The threat of autocracy
Living in Trump’s America poses unprecedented threats to the fabric of our democracy. While the Civil War tested our strength as a federation of states; Trump’s presidency will test our strength as a republic. A republic is distinctly democratic form of government with an elected president rather than a monarch. Clearly, Trump’s narcissistic tendencies and his consolidation of power threaten to veer toward autocracy rather than democracy.
While true that Trump won the electoral college, and thus the election, he did not win the popular vote. What intrigues and concerns me is the number of people who did vote for him. His election is a result of deeper tensions and divisions in our country. Divisions that bear considered attention for all people of good will – Trump, Clinton, Johnson, and Stein voters alike. Christian churches and particularly white Christians, need to be tending these tensions most particularly.
For the next six weeks, I am co-leading an anti-racism series for six white churches in my community. We will be discerning how God is calling us to tend to the tensions that threaten our country. Using my book, Solidarity Ethics, we will also be learning how to practice solidarity.
It is clear is that our country has been divided over a host of issues for a long time. From race and class to homosexuality and fear of transgender people. From immigration and poverty to the role of women and men in society. The recent election brought these divisions into stark relief. I am not interested in bashing Trump. Hopefully there are people who voted for Trump who will read this blog post. But as a Christian, as a feminist, as a reasoning and rational person – I am interested in the rhetoric of hatred, division, anti-intellectualism, misogyny, and race-baiting that he uses.
I was not stunned that my candidate lost – I have lived long enough to see my candidates lose before. I was stunned that 58% of Christians voted for a man who bragged that he could sexually assault women because he was famous. I was stunned that 81% of white evangelical or born-again Christians voted for a man who said he never asked God for forgiveness because he didn’t need to.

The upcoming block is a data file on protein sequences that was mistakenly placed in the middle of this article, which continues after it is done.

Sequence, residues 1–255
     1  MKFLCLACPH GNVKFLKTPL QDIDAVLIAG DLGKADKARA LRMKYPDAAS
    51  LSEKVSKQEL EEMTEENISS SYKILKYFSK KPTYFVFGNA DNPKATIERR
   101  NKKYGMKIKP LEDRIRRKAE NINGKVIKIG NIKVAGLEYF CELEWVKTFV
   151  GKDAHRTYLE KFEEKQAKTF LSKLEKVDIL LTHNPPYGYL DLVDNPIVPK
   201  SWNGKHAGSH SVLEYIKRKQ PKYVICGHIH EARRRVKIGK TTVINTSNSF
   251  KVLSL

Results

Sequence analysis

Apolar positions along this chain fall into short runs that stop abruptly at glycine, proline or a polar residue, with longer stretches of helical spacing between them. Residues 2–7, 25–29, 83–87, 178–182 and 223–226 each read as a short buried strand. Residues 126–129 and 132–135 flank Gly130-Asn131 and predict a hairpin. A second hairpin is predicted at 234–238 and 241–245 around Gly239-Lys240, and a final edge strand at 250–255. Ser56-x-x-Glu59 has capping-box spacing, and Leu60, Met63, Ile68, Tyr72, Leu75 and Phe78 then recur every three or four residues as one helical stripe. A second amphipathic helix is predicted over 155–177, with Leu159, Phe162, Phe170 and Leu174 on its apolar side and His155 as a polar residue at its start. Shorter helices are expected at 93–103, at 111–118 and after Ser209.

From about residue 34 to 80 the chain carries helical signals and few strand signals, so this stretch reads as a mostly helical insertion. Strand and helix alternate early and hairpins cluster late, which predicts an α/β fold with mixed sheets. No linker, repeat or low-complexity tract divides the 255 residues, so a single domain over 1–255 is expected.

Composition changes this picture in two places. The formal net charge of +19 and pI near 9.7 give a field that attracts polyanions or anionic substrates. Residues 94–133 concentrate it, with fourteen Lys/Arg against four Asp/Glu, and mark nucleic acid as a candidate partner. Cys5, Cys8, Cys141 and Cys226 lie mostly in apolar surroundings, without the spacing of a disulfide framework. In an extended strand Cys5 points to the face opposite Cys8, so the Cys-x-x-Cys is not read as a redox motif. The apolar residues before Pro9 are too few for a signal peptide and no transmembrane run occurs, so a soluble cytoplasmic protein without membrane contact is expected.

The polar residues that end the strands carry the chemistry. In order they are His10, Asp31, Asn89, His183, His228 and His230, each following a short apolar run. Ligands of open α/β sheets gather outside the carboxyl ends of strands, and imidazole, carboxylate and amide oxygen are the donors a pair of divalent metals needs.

Racism in America
The radical divide that separates our country is real and it is threatening to tear our country apart. While there are many problems that underlie these tensions, one very real divide is the divide over race. A tension that has shaped the United States since Europeans first landed on the shores of the Americas.
It is difficult to talk about these issues with white Christians in this country in open and honest ways. Most white Christians are good people who do not understand themselves to be prejudice. That’s one of the insidious things about prejudice – it is invisible to those who hold it. It is hard to talk about these things because we haven’t learned how to talk about privilege or race in productive and meaningful ways rather than in ways that shame and blame us.
White churches stepping up
Increasingly, white Christians in this country are talking about race, prejudice, oppression and whiteness. It is important and a necessary first step for white people to learn to see the world in new ways. Ways that allow us to both see our privilege and how it is born on the backs of people labeled as “not white.” Over the next six weeks, our class will be talking about privilege and race. Not in ways that shame or blame, but in ways that teach us how to critically examine how the structures of our society have formed a world that has institutionalized racism in our country. We will talk about the ideas of “white supremacy” and “xenophobia” and how these concepts shape our history. We will ask if they apply to what is happening in our country today even as Trump is closing our borders.
The goal of our series is to learn together how to practice solidarity, to live into our Christian calling to love our neighbor as ourselves. Learning to love our neighbor begins with asking “who is my neighbor”? In Luke, Jesus responds to the lawyer who asks him this question by telling the parable of the Good Samaritan. At that time, Samaritans and Jews were far from friendly. In praising the actions of the Samaritan toward the traveler (likely a Jew) – Jesus teaches us that our neighbors are not just those we live near or those who look like us. In fact, our neighbors are also those who might seem to be farthest from us. Practicing solidarity requires us to acknowledge the sins of the past and how we benefit from them. Even if they aren’t our sins.
So, I will be blogging about this series over the next six weeks as we work through our topics. I hope that some of you are involved in similar studies at your churches or that you are willing to start one. I will introduce topics, reflect on our conversations, and share some of our spiritual practices. Most of all, I hope readers will find some of these resources useful personally or with your church or community of faith.